According to MedlinePlus, a service of the U.S. National Library of Medicine and National Institutes of Health, about 80 percent of U.S. adults currently have some form of gum disease, ranging from gingivitis to serious periodontal disease. The prevalence of gum disease increases with age, because as we age, our teeth wear down, our gums naturally recede, teeth can become more sensitive, and medications can affect some oral changes. If your gums feel tender or sore, or if they look red and swollen, you may be at risk for gum disease. Other signs include bleeding and/or receding gums, pain or sensitivity in your teeth (and even loose teeth, caused by weakening gum fibers and/or bone loss), and persistent bad breath. If left untreated, gum disease can lead to tooth loss as well as various other health problems. More and more life-threatening illnesses are being linked to the presence of dental diseases.The first thing to do is get a thorough dental evaluation. If you have any degree of periodontal disease, Dr. Matha can help. He strongly believes in and focuses on the importance of healthy gums for a healthy mouth and body. Gum disease used to require surgery more often than not. While surgery is still an option and sometimes needed, many cases are now treated with less invasive techniques first, such as deep cleanings, local antibiotics, and special rinses. Please come in and let Dr. Matha help you achieve and maintain healthier gums for a healthier you.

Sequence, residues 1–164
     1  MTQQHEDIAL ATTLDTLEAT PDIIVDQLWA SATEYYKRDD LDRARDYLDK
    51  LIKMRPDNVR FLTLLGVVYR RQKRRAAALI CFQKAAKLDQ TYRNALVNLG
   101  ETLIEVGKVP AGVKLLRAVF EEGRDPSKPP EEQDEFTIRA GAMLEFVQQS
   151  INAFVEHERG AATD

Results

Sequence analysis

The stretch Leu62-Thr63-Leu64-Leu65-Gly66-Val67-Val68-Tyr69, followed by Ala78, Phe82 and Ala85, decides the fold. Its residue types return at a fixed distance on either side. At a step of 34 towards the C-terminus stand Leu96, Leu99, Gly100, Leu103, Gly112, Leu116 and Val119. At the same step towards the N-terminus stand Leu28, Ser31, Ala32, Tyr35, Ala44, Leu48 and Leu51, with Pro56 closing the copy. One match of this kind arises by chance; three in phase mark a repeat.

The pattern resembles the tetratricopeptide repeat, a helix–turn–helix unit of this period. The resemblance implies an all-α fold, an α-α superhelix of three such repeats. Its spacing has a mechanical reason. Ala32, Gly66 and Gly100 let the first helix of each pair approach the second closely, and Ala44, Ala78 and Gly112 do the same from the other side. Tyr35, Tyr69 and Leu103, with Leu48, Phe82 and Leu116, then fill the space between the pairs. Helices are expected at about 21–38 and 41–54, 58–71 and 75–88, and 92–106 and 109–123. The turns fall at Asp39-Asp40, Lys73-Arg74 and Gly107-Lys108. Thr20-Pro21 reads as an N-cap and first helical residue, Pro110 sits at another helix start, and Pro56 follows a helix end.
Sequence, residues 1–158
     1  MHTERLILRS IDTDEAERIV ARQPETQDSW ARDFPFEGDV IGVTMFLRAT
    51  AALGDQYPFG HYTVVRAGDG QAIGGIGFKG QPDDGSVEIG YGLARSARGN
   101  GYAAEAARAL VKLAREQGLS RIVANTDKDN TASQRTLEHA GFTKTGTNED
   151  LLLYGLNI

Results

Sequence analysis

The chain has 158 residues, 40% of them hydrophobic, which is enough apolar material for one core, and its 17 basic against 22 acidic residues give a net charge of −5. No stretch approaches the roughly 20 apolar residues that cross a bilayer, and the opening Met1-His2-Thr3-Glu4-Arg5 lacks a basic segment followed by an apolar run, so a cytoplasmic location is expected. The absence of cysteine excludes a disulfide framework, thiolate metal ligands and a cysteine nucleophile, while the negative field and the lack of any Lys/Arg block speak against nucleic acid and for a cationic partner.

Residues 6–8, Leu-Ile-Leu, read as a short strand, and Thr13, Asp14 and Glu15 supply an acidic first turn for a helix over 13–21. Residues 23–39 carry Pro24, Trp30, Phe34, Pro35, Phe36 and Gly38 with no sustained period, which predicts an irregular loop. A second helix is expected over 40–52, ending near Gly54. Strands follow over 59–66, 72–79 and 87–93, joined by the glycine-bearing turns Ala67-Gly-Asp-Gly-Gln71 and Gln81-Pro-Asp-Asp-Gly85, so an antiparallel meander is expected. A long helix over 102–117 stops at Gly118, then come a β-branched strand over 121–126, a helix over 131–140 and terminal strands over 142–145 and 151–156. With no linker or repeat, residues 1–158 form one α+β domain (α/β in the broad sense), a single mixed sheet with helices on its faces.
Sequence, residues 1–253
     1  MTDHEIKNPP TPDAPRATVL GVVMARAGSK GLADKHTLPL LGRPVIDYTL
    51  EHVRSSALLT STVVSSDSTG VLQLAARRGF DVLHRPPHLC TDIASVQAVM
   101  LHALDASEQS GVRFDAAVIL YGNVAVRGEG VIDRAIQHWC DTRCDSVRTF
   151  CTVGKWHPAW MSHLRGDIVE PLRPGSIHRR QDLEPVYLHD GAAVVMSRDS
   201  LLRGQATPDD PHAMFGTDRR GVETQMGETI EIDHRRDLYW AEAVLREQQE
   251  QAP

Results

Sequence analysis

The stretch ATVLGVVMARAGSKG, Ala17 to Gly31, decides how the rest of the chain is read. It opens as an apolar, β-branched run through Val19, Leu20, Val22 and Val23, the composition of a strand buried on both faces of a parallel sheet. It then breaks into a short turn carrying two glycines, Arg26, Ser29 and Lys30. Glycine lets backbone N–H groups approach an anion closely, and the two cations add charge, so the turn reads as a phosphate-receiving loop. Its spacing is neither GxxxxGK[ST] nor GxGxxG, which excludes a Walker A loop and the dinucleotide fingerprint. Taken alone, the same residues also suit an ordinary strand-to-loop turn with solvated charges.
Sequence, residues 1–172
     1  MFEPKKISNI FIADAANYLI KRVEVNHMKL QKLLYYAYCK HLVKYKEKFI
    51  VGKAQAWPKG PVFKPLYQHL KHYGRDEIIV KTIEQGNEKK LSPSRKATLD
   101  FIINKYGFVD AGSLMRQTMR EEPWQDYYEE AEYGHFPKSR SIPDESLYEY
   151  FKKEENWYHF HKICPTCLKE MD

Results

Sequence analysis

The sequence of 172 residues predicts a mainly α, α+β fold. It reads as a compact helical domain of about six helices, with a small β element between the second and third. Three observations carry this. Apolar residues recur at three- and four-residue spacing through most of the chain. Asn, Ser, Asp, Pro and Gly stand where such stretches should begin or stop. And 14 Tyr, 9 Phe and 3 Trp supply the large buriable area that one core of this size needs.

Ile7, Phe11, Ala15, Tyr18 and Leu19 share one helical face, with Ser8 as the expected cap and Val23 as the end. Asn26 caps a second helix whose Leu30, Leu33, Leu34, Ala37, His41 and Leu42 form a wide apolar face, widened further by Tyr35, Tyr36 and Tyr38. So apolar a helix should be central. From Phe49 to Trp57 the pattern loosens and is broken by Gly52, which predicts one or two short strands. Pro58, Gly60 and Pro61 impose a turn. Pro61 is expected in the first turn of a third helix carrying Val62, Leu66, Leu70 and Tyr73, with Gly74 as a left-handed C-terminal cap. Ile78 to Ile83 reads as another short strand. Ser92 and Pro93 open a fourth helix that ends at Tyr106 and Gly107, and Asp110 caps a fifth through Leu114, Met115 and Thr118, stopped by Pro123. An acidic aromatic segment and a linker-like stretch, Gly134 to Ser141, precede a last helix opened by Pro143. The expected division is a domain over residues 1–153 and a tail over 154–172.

Nitrous oxide is one of the safest anesthetics used in dentistry. Nitrous oxide is a colorless blend of oxygen and nitrous oxide gases with a pleasant, sweet smell. It is also known as “laughing gas.” Inhaling nitrous oxide creates a sense of well-being and relaxation, and it is used effectively to help individuals who experience anxiety or fear about dental treatment feel more comfortable and at ease. Nitrous oxide increases a patient’s pain threshold and, when necessary, makes the administration of anesthetic injections more comfortable. Combined with a caring dental staff, nitrous oxide has proven to be especially beneficial for children and adolescents who experience dental anxiety. It has also been found helpful if a patient has a strong gag reflex which interferes with dental treatment. Nitrous oxide can help make visits to the dental office less difficult for individuals with mental or physical disabilities, as well. Dr. Matha has special equipment which is regularly checked and calibrated to monitor the proportion of nitrous oxide released and adjust the flow rate to the individual patient. The gas is administered by specifically trained members of the dental staff.Nitrous oxide has few side effects and/or risks. It is non-addictive, and patients remain fully conscious during treatment. Nitrous oxide is administered comfortably with a mask over the mouth and nose, and a pleasant feeling of calm and sedation are felt almost immediately. Normal breathing of pure oxygen for several minutes after dental treatment is finished completely reverses the effects of the nitrous oxide, so adults can usually leave the dental office of their own accord.Some individuals may experience slight nausea if nitrous oxide is administered on a full stomach. For this reason, it is advisable to limit food intake for several hours before treatment, although fasting is not typically necessary. Nitrous oxide is not effective if a patient suffers from claustrophobia (because of the mask used to administer the gas), or has extreme dental anxieties. Because nitrous oxide is inhaled, it is also not effective if the patient has blocked nasal passages. For unknown reasons, it does not affect about 10% of individuals.